Continuing the space-conservation theme, there's only enough room for one set of controls for pulse-width adjustment and envelope-sourced PWM. The first oscillator wins those but doesn't have all the best stuff. For a start, it's tuned via a tiny master tune knoblet, which I occasionally grabbed by accident. Fortunately this type of confusion should only be an issue when multiple Boomstars are arranged in a line. VCO2's regular-sized pitch knob has a range of seven semitones up or down. This holds true until you deactivate keyboard tracking, when the knob's range is dramatically extended. VCO2 has fewer waveform choices but isn't the poor relation. Amongst its alternative charms, I was blown away by the smooth oscillator sync. Flick a switch and either envelope may be used to drive the pitch. It's also worth remembering that sync doesn't have to involve moving harmonics at all: it's a valuable tool for carving out interesting new waveforms. The ring modulator takes that idea even further, into atonal, bell-like territory. It performs the expected sum and difference magic on the VCOs and is represented by a single level control in the mixer.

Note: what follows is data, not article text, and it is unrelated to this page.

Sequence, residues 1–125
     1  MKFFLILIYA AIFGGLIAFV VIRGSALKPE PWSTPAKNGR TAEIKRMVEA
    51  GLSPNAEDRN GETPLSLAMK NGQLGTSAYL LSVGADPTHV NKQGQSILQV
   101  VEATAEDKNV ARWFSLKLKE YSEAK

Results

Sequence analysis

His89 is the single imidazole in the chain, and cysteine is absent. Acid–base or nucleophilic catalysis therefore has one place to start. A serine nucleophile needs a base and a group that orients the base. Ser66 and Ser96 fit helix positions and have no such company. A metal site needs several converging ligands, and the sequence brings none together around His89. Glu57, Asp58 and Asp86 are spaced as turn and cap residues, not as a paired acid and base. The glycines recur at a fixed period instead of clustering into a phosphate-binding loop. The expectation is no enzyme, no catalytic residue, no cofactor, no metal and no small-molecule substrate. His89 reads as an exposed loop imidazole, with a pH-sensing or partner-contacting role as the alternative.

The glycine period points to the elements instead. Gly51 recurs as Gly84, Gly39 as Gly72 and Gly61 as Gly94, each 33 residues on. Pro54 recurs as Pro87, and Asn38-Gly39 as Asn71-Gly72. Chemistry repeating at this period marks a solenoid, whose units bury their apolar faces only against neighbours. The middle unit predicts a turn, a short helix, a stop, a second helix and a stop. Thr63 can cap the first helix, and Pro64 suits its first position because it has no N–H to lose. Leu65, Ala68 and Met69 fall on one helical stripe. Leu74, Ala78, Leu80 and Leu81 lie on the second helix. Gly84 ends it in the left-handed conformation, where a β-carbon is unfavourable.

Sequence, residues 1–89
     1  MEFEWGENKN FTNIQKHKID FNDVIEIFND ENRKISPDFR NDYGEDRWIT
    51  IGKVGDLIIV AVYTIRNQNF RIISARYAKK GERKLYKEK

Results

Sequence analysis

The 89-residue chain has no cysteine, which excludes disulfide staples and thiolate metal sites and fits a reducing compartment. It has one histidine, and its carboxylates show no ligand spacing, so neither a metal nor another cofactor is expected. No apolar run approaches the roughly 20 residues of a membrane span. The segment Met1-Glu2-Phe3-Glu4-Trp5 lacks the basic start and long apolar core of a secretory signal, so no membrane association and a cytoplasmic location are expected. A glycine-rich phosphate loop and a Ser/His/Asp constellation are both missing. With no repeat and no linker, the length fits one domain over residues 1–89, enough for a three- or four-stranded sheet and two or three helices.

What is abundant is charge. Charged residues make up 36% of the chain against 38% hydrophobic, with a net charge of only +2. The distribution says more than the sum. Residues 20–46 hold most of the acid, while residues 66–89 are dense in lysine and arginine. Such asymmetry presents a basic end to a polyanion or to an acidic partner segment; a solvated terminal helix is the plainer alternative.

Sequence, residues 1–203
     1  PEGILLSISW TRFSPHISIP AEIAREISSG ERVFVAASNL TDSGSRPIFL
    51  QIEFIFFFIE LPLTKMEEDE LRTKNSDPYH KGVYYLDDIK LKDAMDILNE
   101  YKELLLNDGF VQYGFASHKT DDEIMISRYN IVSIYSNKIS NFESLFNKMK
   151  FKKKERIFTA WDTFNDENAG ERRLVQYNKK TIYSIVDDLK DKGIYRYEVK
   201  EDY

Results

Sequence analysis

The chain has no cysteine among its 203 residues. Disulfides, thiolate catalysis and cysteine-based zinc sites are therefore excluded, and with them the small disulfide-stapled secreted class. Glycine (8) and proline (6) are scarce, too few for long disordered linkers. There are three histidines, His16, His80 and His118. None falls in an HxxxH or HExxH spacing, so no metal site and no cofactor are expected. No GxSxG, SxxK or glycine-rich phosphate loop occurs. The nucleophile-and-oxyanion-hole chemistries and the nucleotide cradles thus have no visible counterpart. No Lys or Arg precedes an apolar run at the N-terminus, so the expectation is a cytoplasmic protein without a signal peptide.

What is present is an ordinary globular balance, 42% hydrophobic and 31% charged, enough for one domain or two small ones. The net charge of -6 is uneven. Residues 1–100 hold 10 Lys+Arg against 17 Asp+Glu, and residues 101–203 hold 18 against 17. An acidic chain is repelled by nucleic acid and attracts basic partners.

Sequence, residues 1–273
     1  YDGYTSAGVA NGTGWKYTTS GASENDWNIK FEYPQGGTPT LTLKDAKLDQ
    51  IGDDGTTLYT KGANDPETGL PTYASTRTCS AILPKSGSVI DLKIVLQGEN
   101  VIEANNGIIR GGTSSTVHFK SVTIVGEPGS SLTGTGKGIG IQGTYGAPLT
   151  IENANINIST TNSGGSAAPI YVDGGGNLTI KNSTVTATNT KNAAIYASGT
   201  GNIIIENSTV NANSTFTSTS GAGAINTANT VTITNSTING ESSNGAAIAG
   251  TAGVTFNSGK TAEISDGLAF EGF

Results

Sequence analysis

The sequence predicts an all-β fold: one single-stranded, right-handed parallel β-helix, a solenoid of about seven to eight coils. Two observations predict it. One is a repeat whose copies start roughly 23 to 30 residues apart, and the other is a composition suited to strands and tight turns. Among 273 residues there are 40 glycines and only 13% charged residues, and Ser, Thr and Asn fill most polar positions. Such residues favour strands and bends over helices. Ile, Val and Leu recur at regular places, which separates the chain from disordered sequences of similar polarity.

The mixer comprises five knob-stalks that, as well as the ring modulator, include the VCOs, white noise and feedback. Even with all volumes at zero, there's a small amount of oscillator bleed-through on every Boomstar I tried. Plus there's an audible clicking from the envelopes, most obviously from the filter envelope at short decay times. Dropping out of analytical mode for a moment, I found these noises were more character-adding than problematic in normal use. However, the grey ARP model was noticeably noisier than the rest. With instruction, I was able to make a small improvement by adjusting the VCA offset via its trim pot, accessed from holes along the front.
Envelopes & LFO